Top Cat: Iconic photographer David Yarrow talks luck, logistics — and lion cages

As his new exhibition 'Changing Lanes' opens at Maddox Gallery in London, David Yarrow takes us behind the scenes on one of his most outlandish creations yet

It’s sometimes said of David Yarrow — in a quote pinched from one of his heroes, Ansel Adams — that he doesn’t so much take images as make them. But perhaps this doesn’t tell the entire story. David Yarrow doesn’t just make pictures — he makes them and then releases them. I can think of no other photographer in the world whose new works are unveiled with the pomp and excitement of a new album launch, say, or a Wall Street IPO. But for Yarrow, less really is more. In a good year, he’ll produce maybe five photographs — an act of almost anarchic restraint in this world of emetic, constant content, and one that creates a kind of unique scarcity value. But each shot is well worth the wait. Here, the photographer takes us behind the scenes on his most striking creation yet, the playfully titled ‘Catwalk’ — a striking, cinematic piece captured in South Africa in the Northern Pretoria sanctuary of ‘Lion Whisperer’ Kevin Richardson.

DY: I think photography has many problems. And one of them is that photographers tend to release too many photographs. It’s almost like a stock dump. The world sees too many photographs, and there’s too much content. I would prefer to spend a week and £100,000 to get a picture that really does stop people in their tracks, as opposed to taking 10 pictures that are okay, but which aren’t really any different to what we’ve seen before. That’s maybe my fourth strong picture this year. And I’m going to Antarctica in two weeks. If I can finish the year with five strong pictures, that’s kind of what I set out to do.

I’m not a wildlife photographer. If somebody wants to really piss me off, they’ll call me a wildlife photographer. I’m just a photographer. There’s so many of these self-appointed wildlife photographers that are calling generic pulp. And I want to be as far from that as possible.

We got very lucky with this photo for two reasons. We got lucky with the consistency of the weather: we couldn’t do that shot over one day — it was a programme of things coming together. So if you had totally inconsistent weather, it would be very difficult to merge the pictures as one.

That lion will kill anyone that’s in the picture in a heartbeat. So the first thing we had to do was get the Zulus into a stand — fet them to sing, get them to be animated, and get the photo of them. Then we had to whisk the photo to Johannesburg, get someone there to print a massive canvas of it, have it erected in the same position they were in the shot, and then have the lion coming towards me. Nobody was at threat then. But with the wonders of modern photography, there’s sufficient distance between the lions and the people in the shot that you can’t tell if they’re two dimensional or three dimensional.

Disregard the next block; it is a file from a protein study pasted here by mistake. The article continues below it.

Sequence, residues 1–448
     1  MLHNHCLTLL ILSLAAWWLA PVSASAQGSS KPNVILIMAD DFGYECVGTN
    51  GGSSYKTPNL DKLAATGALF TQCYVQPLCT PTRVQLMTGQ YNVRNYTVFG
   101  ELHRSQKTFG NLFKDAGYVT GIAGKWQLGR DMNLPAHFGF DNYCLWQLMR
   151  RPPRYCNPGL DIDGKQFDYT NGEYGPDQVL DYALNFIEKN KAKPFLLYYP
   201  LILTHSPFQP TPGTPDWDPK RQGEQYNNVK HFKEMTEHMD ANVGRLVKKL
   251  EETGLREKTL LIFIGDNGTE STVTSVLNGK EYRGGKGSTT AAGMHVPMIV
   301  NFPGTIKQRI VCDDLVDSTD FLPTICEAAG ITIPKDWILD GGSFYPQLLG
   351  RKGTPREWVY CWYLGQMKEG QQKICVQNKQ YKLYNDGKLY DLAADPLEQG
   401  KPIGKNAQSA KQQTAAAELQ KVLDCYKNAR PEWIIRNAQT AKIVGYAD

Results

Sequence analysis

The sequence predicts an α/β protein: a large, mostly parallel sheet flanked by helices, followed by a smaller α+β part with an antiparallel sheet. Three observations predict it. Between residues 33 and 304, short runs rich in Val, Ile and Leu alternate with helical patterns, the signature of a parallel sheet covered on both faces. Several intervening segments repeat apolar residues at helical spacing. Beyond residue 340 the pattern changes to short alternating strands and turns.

The second bit of luck I had was with the zulus. When they get together they’re quite energised, and they enjoy each other’s company, and they’re getting paid. But I needed two strong leads. The two girls that we had at the front are strong in different ways. One is very feminine, one is very strong. In a picture like that, where they’re the second most important thing in the picture, if one of them is weak, the whole photo’s gone. And they’re both strong.

On a shoot like that, the lion gets tired and he gets pissed off. So you’ve only got a limited amount of time. I need him to look magnificent and to be looking right towards me. The only thing that’s between me and the lion is a cage. But we got it — and the picture works.

The whole cinematic concept of ‘thirds’ doesn’t work in a picture like this. If the lion is not central, I think it causes you visual stress. But if the lion is bang central it makes it a more pleasing photograph. This is art. It’s not reality.

I did an assignment in Vancouver Island recently where I spent $45,000 and didn’t take a single picture. So that didn’t go very well. You have to fail. Failure is a huge part of success. Pictures like that don’t come easy, otherwise other people would try to do them. I like the degree of visual chaos, and I like pictures you can look at for a long time. Even though the Zulus are so out of focus that they’re abstract, it actually adds to the picture. Focus either includes or excludes. And if it excludes, it adds narrative. I’m excited to see the picture being shown at Maddox Gallery. I think it will stop people in its tracks.

‘Changing Lanes’ by David Yarrow will be available to view from the 19th December at Maddox Gallery.

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